President Biden will be making a diplomatic trip to Saudi Arabia to meet with Prince Mohammed Bin Salman. In an op-ed for the Washington Post, he justified the decision seen as a star reversal from his campaign promises to disengage with the Saudis. He aims to reset ties with the regime after denouncing the Crown Prince as a pariah not to be engaged with. Concerns about human rights and reassuring the strategic partnership with the country are at the top of his list of priorities. With that said, the murder of Washington Post journalist Jamal Khashoggi orchestrated by MBS will be top of mind for western observers. America has engaged with the Saudis since the time of Franklin Roosevelt primarily because of their deep oil reserves; a hot topic given the tumultuous rise in global oil prices. America will be counting on an increase in supply from OPEC producers to facilitate a stabilization in oil markets. A major change from OPEC might be hard to come by given their increased profits from the rise in global oil prices. Deep Saudi reserves will be a strong bargaining chip in discussions with President Biden about stronger American military guarantees for the kingdom. The Saudis are also seen as a vital check against Iran and the rise of China in the Middle East. Biden will look to affirm US support for the Yemen ceasefire brokered by the UN amidst a devastating famine in Yemen. The Saudi blockade of Yemen in support of the rebel Houthi Shiite group has driven the famine, considered a human rights catastrophe by global observers. Biden will be the first President to fly from Israel to Saudi Arabia, symbolizing a diplomatic step towards relations between the two countries.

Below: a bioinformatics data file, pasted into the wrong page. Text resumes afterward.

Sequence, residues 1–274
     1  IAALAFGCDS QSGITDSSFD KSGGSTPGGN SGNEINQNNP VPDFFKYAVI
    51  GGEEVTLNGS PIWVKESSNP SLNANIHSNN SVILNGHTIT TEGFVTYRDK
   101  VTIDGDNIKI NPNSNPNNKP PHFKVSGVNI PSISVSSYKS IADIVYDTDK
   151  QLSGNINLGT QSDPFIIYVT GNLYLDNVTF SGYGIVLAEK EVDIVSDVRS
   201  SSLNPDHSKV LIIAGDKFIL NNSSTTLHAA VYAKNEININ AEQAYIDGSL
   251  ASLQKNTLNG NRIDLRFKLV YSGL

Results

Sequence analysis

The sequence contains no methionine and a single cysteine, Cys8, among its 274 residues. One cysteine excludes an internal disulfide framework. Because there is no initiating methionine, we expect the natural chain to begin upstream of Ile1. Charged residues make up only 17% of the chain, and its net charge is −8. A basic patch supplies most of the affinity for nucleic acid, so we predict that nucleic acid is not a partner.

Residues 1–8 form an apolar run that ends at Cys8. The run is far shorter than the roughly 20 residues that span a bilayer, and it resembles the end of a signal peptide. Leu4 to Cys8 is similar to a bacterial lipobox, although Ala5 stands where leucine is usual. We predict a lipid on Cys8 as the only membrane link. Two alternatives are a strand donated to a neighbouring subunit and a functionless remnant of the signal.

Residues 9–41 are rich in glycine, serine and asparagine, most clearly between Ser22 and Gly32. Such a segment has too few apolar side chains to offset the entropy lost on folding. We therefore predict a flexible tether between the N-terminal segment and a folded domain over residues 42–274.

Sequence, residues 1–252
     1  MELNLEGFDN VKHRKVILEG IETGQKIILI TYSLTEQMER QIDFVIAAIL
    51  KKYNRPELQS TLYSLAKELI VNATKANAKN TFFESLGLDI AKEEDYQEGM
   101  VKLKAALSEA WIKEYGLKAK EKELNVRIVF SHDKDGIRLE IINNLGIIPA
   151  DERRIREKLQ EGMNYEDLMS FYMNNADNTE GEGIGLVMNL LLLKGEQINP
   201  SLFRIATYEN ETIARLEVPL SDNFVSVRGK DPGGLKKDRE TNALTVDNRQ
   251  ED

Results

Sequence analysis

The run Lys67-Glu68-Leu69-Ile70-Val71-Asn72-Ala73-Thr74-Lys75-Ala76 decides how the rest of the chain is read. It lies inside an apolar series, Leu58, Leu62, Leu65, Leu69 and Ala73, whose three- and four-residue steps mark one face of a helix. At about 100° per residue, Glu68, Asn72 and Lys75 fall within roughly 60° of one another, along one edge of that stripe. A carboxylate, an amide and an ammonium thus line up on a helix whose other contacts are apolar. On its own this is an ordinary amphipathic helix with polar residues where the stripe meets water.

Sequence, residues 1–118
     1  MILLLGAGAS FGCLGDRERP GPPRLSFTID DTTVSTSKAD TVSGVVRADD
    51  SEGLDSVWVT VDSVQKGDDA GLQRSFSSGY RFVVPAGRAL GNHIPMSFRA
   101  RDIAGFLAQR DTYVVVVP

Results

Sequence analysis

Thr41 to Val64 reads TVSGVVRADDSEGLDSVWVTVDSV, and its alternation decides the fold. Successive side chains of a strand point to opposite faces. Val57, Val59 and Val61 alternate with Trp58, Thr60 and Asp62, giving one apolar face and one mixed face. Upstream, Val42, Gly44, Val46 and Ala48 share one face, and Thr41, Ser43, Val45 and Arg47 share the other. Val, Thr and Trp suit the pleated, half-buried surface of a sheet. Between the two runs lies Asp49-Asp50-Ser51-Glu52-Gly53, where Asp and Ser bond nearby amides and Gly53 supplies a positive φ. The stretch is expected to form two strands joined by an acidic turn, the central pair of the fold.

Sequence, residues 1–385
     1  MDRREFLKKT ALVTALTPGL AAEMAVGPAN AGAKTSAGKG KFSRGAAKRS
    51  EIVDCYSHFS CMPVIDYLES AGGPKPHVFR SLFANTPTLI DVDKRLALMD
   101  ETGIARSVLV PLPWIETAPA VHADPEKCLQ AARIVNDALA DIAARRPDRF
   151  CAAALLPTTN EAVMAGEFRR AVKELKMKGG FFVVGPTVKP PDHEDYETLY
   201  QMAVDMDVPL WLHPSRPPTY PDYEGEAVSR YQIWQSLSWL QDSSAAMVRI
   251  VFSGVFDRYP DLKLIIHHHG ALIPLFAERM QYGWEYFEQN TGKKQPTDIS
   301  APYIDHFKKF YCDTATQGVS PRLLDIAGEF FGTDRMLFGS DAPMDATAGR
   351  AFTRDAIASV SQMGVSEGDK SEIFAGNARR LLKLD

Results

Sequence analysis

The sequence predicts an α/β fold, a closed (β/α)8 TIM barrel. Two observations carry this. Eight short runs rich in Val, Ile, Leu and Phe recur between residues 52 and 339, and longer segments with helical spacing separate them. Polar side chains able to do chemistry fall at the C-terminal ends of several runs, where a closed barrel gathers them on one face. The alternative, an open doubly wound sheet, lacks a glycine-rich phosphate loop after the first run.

Joe Biden had a major gaffe during a speech when he uttered the ‘repeat the line’ phrase on his teleprompter. The phrase was meant as an indication for him to repeat the previous statement, a common technique used in teleprompters. It immediately went viral online and drew scrutiny from those who have raised concerns about Biden’s mental acuity. The President’s communications department quickly went into damage control mode and distorted Biden’s words during the speech. Instead of transcribing the ‘repeat the line’ gaffe, Biden’s team put ‘let me repeat the line’ which they claimed Biden was trying to say. A communications staffer for the administration indicated her belief that Biden said ‘let me repeat the line’ shortly before the transcript was released with that phrase in it. White House staff tasked with archiving Biden’s speeches is typically apolitical in creating the historical records, but not in this instance. Joe Biden’s reputation as a gaffe machine long predates his time as President, but simple mistakes like this one point to a deeper problem. Misreading teleprompters despite decades of experience with them marks an old man losing faculty, a topic Saagar will go into further during his monologue.